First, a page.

|Bishop-elect Stephen Berg embraces his uncle, Bishop Emeritus Joseph Charron of Des Moines, at a Solemn Vespers service the eve of his episcopal ordination.|
When faced with tough decisions during his years as a pastor and later as diocesan administrator for the Diocese of Fort Worth, Monsignor Stephen Berg knew there was a trusting soul who understood the challenges of ministry.
For advice and encouragement he turned to his uncle, Bishop Emeritus of Des Moines Joseph L. Charron, also known to his many nieces and nephews as “Bishop Uncle Joe.”
The depth of the relationship between nephew and uncle became obvious on the eve of Msgr. Berg’s ordination as the fifth bishop of Diocese of Pueblo. At the end of the Feb. 26 Solemn Vespers service, both men expressed their love with an emotional embrace. The moment was captured on the front page of the local newspaper, The Pueblo Chieftan.
Prior to the poignant hug, Bishop Charron blessed his nephew’s pastoral ring, crosier, and miter, then spoke from the heart about faith, family, and his own ordination to the episcopacy.
“It’s not often that a bishop uncle can give guidance to another bishop,” he said, as a low chuckle rose inside the Diocese of Pueblo’s Cathedral of the Sacred Heart. “As (Fort Worth) Bishop Olson said so beautifully, you’re on a journey rooted in faith, and it’s that living faith that brought you here to Pueblo. The gifts of faith and love you received from your mom and dad can now be shared, through your ministry as a bishop, with the people of your diocese.”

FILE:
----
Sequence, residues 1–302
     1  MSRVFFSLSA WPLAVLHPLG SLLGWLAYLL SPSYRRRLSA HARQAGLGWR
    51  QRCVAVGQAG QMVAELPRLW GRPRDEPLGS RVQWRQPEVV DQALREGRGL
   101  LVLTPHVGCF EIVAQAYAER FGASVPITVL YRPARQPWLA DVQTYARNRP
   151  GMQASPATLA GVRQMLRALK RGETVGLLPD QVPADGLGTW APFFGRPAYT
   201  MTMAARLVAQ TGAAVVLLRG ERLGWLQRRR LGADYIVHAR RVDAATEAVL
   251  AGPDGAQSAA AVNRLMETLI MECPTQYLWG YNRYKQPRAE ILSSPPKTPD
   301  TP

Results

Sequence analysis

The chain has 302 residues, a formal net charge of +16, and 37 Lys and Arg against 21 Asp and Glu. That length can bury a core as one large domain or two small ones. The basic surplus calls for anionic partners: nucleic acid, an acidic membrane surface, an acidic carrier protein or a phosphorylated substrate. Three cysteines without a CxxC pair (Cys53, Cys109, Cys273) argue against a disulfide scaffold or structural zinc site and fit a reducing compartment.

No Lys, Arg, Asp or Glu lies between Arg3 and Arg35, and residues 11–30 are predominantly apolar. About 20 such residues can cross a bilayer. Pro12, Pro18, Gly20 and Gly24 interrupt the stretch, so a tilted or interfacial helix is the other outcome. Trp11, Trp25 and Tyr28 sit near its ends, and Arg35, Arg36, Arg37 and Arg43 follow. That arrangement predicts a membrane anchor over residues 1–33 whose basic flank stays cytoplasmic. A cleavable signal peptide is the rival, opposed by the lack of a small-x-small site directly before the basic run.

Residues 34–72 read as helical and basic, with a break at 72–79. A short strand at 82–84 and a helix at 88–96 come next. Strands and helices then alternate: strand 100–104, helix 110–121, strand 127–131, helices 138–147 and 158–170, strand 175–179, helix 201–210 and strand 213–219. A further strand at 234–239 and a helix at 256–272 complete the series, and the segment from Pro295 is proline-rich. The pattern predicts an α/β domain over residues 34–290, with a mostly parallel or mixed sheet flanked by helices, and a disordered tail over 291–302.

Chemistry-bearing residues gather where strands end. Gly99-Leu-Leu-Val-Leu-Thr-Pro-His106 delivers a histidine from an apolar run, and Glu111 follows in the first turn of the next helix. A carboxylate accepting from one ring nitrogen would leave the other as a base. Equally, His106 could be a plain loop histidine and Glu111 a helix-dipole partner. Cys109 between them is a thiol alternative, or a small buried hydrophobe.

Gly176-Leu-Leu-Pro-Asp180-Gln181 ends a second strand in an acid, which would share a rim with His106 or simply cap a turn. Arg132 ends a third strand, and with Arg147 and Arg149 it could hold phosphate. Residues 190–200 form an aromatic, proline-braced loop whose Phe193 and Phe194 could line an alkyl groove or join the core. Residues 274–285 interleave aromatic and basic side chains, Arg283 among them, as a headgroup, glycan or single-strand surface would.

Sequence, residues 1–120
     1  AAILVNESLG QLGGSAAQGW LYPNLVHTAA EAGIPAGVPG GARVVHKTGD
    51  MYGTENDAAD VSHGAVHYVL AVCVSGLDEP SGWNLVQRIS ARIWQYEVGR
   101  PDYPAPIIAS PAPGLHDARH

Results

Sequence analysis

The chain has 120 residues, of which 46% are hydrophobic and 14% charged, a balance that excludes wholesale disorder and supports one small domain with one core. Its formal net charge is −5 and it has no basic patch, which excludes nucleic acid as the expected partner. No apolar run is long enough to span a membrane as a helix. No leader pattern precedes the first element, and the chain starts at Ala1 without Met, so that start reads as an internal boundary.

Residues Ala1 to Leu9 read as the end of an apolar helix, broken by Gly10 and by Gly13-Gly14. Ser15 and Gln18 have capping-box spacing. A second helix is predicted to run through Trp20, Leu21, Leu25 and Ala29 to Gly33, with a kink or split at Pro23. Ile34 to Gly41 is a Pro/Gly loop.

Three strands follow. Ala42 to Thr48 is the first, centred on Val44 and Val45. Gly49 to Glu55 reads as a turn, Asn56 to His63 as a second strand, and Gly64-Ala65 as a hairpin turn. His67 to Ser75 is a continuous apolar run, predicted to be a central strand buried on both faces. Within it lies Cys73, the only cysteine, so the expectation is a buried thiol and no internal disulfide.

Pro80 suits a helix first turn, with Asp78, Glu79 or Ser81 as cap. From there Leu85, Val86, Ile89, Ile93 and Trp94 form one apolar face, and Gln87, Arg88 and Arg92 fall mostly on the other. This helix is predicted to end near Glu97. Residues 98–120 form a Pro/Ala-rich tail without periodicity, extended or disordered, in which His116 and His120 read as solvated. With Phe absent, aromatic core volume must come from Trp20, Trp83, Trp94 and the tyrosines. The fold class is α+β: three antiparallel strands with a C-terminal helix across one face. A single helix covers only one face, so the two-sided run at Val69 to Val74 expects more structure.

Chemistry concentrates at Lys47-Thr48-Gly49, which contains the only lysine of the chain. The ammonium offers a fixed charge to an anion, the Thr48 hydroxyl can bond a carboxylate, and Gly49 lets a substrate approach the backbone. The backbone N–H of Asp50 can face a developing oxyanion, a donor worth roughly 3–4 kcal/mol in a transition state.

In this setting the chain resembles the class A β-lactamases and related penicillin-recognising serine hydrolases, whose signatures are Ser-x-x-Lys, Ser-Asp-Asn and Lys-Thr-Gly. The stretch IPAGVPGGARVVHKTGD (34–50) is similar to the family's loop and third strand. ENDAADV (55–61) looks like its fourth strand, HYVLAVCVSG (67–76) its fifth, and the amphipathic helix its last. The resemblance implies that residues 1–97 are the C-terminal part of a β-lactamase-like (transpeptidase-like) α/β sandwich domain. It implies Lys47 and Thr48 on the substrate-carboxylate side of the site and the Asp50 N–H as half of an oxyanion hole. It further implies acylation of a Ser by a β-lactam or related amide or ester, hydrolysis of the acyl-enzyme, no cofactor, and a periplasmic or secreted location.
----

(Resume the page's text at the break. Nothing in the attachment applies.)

Twenty years ago, the retired prelate was ordained Bishop of Des Moines, and he remembered being overwhelmed by the experience.
“Laying on the floor of the cathedral, I was probably as nervous as you are now, but a calmness and peace of mind came to me like I’m sure it will come to you tomorrow,” he said reassuringly to the then bishop-elect. “The Spirit of God will strengthen you.”
Bishop Charron reminded his nephew that people will pray for him, adding, “rely on those prayers and know the prayers of the faithful will truly support you.”
|Bishop Charron blesses the symbols of office for his nephew the evening before his ordination.|
The assembly, which included priests and parishioners from North Texas, also heard from Fort Worth Bishop Michael Olson who was asked by his longtime friend to give the homily at the Vespers service.